Immersive technology has a great deal of potential for enhancing many different industries. Videogames, education, architecture, healthcare and training applications are already very common, but there are many other areas in which we’ve only scratched the surface. Art in particular is one such area in which augmented reality (AR) and virtual reality (VR) can offer a variety of distinctive benefits, and at the recent 2nd Annual UNFOLD Art XChange Art +FinTech summit that took place from the 7-9 March 2019 at the Bahrain International Exhibition and Convention Centre, as part of the talks program for the 4th edition of ArtBAB, Bahrain’s international art fair, under the patronage of Her Royal Highness, Princess Sabeeka Bint Ibrahim Al Khalifa, Wife of His Majesty The King of Bahrain, President of the Supreme Council of Women in collaboration with Tamkeen, a selection of panelists were gathered to discuss the current positioning of immersive technology within the art scene, and what could possibly be part of the future agenda.
VR in its current form – as evidenced through a specially curated Virtual Reality corner by UNFOLD Art XChange powered by VIVE Arts and MSI at ArtBAB – proposes two very different uses for art. The first is as a tool to showcase and educate viewers about specific pieces and collections. Panelists Joel Kremer and Sylvain Levy, creators of The Kremer Collection and dslcollection, respectively, have used VR to deliver a detailed appreciation of their collections. Offering a grand scale and relaying information concerning the creation of each of their pieces that would suffer in comparison within other mediums – be it the viewer’s relation on a traditional monitor or an inability to travel to museums or other venues – both The Kremer Collectionand dslcollection present a series ofworks to a much larger audience than would otherwise be possible.
Of course, VR is a medium in and of itself. Panelist Jens Faurschou, Co-Founder of Khora Contemporary, has invested in artists wishing to use VR not to display their existing works, but to create entirely new pieces which can be viewed only in a head-mounted display (HMD). Using videogame engines and art tools, artists who typically work in more traditional mediums are able to experiment and find new ways to purvey their message. Faurschou discussed in detail his belief in VR not just as a technology, but as an opportunity for new, immersive artworks from existing artists.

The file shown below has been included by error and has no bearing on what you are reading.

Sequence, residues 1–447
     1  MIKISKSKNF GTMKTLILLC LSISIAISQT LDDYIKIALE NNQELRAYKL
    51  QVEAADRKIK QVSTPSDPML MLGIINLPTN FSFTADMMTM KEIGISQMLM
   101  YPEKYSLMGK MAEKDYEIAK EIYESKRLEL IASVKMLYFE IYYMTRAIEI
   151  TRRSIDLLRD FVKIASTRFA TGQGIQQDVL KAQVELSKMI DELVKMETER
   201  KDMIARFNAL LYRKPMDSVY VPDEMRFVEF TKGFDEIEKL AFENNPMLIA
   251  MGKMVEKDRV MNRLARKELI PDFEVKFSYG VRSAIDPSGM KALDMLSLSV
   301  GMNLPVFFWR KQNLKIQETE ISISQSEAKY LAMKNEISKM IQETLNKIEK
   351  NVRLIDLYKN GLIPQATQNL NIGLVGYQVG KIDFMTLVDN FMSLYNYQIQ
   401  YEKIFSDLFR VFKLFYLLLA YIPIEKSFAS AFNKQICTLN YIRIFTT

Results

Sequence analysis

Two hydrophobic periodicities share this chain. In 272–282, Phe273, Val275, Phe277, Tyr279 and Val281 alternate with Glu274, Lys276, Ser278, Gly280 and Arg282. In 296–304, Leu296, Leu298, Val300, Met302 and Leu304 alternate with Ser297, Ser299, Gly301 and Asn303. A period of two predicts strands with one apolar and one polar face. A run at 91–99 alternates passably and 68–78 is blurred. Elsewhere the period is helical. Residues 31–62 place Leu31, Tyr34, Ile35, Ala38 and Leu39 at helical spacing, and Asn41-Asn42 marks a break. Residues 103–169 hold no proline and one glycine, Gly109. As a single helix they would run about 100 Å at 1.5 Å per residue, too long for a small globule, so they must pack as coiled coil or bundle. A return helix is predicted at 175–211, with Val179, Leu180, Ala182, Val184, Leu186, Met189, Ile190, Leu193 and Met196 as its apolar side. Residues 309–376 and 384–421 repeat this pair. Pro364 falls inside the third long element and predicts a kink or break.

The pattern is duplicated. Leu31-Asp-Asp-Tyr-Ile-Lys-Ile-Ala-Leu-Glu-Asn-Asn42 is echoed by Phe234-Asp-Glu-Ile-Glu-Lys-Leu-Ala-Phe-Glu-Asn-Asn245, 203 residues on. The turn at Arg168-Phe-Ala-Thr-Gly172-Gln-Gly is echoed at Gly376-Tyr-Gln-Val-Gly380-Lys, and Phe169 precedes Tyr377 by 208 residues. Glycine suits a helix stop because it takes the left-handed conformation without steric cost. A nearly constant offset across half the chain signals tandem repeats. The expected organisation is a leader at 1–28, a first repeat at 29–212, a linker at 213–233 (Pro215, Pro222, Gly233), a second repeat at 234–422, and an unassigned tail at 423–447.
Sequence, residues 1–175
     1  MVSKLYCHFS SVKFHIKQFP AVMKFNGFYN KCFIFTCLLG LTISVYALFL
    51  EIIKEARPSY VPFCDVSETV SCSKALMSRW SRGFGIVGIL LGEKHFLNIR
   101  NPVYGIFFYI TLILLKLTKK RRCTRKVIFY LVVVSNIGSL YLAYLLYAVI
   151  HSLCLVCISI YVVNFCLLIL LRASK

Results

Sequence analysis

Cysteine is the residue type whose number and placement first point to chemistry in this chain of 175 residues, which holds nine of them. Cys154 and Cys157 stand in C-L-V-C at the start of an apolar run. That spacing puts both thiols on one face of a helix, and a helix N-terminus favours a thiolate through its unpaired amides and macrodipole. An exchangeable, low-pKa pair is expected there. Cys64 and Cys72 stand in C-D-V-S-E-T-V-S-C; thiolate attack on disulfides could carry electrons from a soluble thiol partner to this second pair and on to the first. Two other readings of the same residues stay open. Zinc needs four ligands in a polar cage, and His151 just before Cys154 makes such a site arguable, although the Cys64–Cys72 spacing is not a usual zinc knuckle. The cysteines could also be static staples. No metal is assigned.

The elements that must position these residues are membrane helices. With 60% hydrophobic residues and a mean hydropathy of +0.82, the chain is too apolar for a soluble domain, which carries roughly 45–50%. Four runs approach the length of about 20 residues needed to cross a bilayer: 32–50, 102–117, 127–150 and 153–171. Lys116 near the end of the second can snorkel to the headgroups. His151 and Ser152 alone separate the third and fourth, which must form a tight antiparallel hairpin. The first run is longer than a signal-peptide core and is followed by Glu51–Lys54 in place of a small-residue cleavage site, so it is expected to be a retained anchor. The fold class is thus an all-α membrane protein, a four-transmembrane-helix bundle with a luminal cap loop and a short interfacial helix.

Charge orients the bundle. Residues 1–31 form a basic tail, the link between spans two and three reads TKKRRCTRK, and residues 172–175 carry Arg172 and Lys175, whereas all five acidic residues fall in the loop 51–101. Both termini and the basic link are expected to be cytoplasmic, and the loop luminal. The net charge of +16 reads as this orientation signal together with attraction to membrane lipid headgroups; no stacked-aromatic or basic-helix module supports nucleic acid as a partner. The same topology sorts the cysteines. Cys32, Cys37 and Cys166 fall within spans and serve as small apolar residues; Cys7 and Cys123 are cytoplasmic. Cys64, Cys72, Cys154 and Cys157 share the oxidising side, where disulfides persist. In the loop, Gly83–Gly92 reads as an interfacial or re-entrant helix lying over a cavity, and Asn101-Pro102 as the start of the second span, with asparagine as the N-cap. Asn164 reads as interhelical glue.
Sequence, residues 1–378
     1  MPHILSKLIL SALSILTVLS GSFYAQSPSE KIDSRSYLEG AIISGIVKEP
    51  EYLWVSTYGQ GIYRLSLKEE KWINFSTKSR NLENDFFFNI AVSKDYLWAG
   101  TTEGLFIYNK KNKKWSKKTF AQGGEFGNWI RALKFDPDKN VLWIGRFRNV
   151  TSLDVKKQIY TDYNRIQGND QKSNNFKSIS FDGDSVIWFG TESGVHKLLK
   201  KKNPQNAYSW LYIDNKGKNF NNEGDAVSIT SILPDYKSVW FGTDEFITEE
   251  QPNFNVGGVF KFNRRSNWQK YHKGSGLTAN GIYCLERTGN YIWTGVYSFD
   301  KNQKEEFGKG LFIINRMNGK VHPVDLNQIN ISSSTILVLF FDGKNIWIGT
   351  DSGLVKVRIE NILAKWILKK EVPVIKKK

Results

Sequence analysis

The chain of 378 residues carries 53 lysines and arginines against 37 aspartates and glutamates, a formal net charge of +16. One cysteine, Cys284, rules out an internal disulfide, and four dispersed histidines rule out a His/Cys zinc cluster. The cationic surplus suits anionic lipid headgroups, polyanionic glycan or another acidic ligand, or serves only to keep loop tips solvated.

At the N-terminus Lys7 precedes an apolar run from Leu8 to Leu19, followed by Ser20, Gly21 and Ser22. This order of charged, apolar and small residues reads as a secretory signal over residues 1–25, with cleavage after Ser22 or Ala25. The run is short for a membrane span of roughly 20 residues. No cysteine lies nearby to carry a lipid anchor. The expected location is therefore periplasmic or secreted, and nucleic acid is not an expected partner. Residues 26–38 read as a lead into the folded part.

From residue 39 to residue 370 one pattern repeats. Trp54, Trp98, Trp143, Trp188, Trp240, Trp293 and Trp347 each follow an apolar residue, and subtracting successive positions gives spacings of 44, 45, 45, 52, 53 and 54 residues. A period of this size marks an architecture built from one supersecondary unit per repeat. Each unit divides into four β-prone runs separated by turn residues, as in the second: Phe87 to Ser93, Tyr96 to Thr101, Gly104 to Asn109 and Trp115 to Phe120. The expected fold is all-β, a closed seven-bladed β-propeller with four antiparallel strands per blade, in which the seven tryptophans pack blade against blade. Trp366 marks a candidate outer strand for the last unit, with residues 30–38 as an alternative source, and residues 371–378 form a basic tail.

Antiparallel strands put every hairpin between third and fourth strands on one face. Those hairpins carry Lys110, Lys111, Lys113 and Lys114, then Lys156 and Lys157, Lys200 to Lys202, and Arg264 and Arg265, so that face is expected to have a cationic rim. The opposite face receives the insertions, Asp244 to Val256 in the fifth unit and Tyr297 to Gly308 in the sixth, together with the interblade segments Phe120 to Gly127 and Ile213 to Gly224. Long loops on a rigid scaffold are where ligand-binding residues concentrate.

The panel also featured Bernadine Bröcker, CEO & Co-Founder of Vastari. Bröcker is using VR for an entirely different purpose; to ease the design and construction of art installations. In the first instance this is through creating low-level models demonstrating how an installation may appear within a museum, however Bröcker also has aspirations to use VR (or potentially AR) to allow her team to remotely view a venue prior to even beginning the design process, thus having a greater appreciation of the space and any restrictions that they may encounter.
The closing panel at the Art + FinTech summit, VR as a Game Changer for the Arts: How Collectors and Museums are Exploring New Audiences, Business Models and Creativity through 360 Experiences touched on all of these subjects before diving deeper into the true potential of AR and VR for Art. As a common consideration across the board, once the encumbrance of encouraging people to don the HMD has passed the possibilities of what can be achieved through the convergence of VR and art have not yet even been imagined, let alone realised. The truth remains that – although the Art + FinTech summit brought together some of the world’s greatest pioneers in the space – they are just that; ‘pioneers’. Before too long there will be more creators and art aficionados paying increasing attention to the capabilities of AR and VR; adding to an already impressive array of implementations of the technology.
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